While Google has a strong preference for technical background, Facebook's RPM program selects for people with consulting, founder, or civic engagement backgrounds. As a new grad, one of the most important things you can do to stand out is showcase projects you've participated in or ran independently.
Facebook looks for individuals with a lot of potential. This often means they select 'dream resumes' with top schools, top grades, and a strong track record of 'getting things done', despite not having much full-time experience.
But not always.
Very frequently, folks from lesser known colleges or employers will get offers, as long as their resume shows a very strong track record of accomplishment.
In your resume, lean on skills and accomplishments Facebook values:
You will receive an invitation from a recruiter after applying directly on the facebook site here ( http://fbrpms.com ), getting scouted, or getting referred in.
Some (but not all) strong applicants will be looped in to "invite-only" informational sessions with recruiters. A Deloitte junior employee recalls an event she attended:
"I applied last night. Attended a few of their invite only info sessions, and they really seem to value consulting experience. Tips on the interview is to tie your story and your case into facebooks mission, and align towards their core values. They’re big on that and their culture. Good luck!"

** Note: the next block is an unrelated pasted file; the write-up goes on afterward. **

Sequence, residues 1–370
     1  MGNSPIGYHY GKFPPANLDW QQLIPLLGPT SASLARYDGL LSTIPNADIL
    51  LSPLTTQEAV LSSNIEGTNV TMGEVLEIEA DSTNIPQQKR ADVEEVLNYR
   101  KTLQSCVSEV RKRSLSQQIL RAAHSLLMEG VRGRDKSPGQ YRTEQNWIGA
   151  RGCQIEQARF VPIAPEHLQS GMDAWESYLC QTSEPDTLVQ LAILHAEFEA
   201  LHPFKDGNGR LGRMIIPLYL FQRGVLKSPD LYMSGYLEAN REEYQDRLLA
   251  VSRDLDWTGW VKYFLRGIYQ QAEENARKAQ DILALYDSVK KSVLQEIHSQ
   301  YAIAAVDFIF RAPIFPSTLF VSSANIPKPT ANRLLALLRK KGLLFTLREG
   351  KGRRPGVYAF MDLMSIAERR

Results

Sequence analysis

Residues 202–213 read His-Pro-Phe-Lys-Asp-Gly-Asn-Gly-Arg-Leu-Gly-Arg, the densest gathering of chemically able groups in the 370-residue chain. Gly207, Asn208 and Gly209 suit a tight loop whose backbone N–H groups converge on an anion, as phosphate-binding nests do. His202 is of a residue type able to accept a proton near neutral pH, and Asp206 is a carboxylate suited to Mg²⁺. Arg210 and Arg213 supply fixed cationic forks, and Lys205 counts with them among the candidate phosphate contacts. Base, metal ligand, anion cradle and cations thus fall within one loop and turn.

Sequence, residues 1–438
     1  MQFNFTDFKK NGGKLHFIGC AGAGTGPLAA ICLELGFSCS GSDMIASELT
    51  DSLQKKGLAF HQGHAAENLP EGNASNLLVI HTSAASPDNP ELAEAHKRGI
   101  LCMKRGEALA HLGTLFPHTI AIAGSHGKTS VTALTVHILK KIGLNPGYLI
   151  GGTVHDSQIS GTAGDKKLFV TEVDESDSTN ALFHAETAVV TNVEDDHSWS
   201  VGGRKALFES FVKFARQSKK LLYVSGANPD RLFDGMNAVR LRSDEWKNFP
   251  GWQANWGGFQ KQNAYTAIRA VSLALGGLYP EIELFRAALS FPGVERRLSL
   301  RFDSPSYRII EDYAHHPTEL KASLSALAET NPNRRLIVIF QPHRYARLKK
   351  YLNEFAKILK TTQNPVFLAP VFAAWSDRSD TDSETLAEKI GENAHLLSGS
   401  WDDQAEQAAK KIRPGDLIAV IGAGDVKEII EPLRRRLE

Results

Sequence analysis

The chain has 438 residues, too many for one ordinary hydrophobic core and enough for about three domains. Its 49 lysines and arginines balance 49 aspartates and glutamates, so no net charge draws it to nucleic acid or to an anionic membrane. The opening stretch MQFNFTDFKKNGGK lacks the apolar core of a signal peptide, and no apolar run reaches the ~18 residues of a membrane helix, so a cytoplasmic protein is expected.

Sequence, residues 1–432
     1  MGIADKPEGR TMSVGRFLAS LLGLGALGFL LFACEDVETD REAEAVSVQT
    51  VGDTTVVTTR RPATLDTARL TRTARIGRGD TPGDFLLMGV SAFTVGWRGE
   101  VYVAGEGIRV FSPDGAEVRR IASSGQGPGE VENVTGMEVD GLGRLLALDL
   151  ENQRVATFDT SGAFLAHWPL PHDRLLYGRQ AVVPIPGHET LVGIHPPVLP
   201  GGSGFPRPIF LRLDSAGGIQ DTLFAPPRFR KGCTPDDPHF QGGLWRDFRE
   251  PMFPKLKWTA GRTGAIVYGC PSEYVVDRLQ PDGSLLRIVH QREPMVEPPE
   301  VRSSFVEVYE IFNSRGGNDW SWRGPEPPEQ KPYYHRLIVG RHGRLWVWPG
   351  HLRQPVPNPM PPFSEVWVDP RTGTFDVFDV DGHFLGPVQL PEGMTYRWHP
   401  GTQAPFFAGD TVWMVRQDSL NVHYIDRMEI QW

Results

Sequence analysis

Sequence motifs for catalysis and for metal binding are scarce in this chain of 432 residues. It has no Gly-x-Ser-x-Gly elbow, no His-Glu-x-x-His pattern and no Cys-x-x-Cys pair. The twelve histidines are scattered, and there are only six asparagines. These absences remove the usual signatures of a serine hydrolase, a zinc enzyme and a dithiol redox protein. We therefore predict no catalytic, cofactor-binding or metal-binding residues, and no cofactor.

Rotational Product Managers are given real projects and responsibilities on the product team. Since they're significant contributors to the company, the interview process is incredibly selective. Here's how it's structured:
The RPM interview process strays from the typical behavioral interviews where you talk about your past experience. The focus is on case studies where you'll think through problems as you would on the job.
They'll be paying attention to how you approach problems, think about tradeoffs, empathize with users, think about user segments, and your overall creativity.
See all Facebook RPM questions + answers from last year here.
While the process for many tech company PM programs is similar - Facebook is completely unique. What flies at Google or Microsoft is not going to work here. So if you want to make it to the final round, follow this advice carefully: